At 7:11 on the morning of February 14, 1976, the eastern sky over Boston was a chalky gray, and the bumper-to-bumper cars coming into the city had their headlights on. The temperature was thirty-eight degrees, and the people in the streets walked quickly on their separate tracks. There were no voices, just the sound of the machines and the wind.
Within the Boston Memorial Hospital, things were different. The stark fluorescent lights illuminated every square inch of the OR area. The bustle of activity and excited voices lent credence to the dictum that surgery started at 7:30 sharp. That meant the scalpels actually cut the skin at 7:30; the patient fetching, the prep, the scrub, and the induction under anesthesia had to be all completed before 7:30.
As a consequence, at 7:11, the activity in the OR area was in full swing, including room No. 8. There was nothing special about No. 8. It was a typical OR in the Memorial. The walls were a neutral-colored tile; the floors were a speckled vinyl. At 7:30, February 14, 1976, a D&C—dilation and curettage, a routine gynecological procedure—was scheduled in room No. 8. The patient was Nancy Greenly; the anesthesiologist was Dr. Robert Billing, a second-year anesthesiology resident; the scrub nurse was Ruth Jenkins; the circulating nurse was Gloria D’Mateo. The surgeon was George Major—the new, young partner of one of the older, established OB-GYN men—and he was in the dressing room donning his surgical scrub suit, while the others were hard at work.
Nancy Greenly had been bleeding for eleven days. At first she passed it off as a normal period, despite the fact that it was several weeks early. There had been no premenstrual discomfort, maybe a vague cramp on the morning the first spotting occurred. But after that it had been a painless affair, waxing and waning. Each night she hoped to have seen the last of it but had awakened to find the tampon soaked. The telephone conversations, first with Dr. Major’s nurse, then with the doctor himself, had allayed her fears for progressively shorter and shorter durations. And it was a bother, a gigantic nuisance, and as it was with such things, it had come at a most inopportune time. She thought about Kim Devereau coming up to spend his spring break from Duke Law School with her in Boston. Her roommate had fortuitously made plans to spend that week skiing at Killington. Everything seemed to have been falling into beautiful, romantic place, everything except the bleeding. There was no way Nancy could blithely dismiss it. She was a delicately angular and attractive girl with an aristocratic appearance. About her person she was fastidious. If her hair was the slightest bit dirty she felt uneasy. So the continued bleeding made her feel messy, unattractive, out of control. Eventually it began to frighten her.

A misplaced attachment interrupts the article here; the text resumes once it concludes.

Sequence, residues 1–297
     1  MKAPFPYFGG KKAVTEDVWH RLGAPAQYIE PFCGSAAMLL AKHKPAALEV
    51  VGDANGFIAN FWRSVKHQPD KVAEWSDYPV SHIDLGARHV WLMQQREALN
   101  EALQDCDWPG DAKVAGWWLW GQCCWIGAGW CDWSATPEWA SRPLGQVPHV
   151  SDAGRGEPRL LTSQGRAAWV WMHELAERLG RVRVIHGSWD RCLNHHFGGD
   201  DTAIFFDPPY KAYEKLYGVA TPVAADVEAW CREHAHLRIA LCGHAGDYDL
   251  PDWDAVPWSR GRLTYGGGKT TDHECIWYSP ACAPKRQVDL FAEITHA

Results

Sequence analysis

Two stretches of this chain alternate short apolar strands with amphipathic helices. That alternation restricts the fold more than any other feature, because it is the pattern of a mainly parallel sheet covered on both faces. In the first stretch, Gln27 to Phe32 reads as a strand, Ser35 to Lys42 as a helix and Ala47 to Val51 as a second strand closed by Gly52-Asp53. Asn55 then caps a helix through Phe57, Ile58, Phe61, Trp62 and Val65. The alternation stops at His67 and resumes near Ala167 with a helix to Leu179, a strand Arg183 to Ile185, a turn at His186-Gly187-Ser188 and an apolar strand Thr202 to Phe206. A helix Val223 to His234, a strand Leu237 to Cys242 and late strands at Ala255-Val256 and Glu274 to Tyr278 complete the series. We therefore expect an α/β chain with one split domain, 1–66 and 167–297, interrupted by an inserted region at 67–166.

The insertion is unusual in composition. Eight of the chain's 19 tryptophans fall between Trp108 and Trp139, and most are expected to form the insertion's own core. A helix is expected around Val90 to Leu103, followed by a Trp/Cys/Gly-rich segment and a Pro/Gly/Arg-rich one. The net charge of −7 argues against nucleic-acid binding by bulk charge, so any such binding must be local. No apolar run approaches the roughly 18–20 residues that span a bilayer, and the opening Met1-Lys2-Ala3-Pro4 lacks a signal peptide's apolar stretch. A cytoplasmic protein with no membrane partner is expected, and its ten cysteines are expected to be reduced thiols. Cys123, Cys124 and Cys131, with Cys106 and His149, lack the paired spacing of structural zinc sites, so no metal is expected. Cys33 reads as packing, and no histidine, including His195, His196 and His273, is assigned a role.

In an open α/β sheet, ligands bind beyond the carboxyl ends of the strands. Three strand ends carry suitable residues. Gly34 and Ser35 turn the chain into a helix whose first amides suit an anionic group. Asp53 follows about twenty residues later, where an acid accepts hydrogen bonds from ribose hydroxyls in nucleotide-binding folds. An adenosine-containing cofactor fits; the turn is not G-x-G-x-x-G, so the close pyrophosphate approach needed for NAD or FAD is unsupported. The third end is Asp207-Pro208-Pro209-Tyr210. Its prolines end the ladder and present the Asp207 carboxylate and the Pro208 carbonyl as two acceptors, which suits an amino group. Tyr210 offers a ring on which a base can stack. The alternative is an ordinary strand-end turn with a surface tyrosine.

Nancy remembered lying on the couch with her feet up on the arm, reading the editorial page of the Globe while Kim was in the kitchen making drinks. She had become aware of a strange sensation in her vagina. It was different from anything she had ever felt before. It felt as if she was being inflated by a warm soft mass. There had been absolutely no pain or discomfort. At first she was perplexed as to the origin of the sensation, but then she felt a warmth on her inner thighs and a tickling trickle of fluid run down into the recess of her buttocks. Without undue anxiety, she recognized that she was bleeding, bleeding very fast. Casually, without moving her body, she had turned her head toward the kitchen and called out, “Kim, would you do me a favor and call an ambulance?”
“What’s wrong?” asked Kim, hurrying to her.
“I’m bleeding very fast,” said Nancy calmly, “but it’s nothing to get alarmed about. An extra-heavy period, I guess. I just should go to the hospital right away. So please call the ambulance.”
The ambulance ride had been uneventful, without sirens or drama. She had to wait longer than she thought reasonable in the holding area of the emergency room. Dr. Major had appeared and for the first time awakened a feeling of gladness in Nancy. She had always detested the routine vaginal exams to which she had submitted and had associated the face, the bearing, and the smell of Dr. Major with them. But when he appeared in the emergency room, she felt glad to see him, to the point of suppressing tears.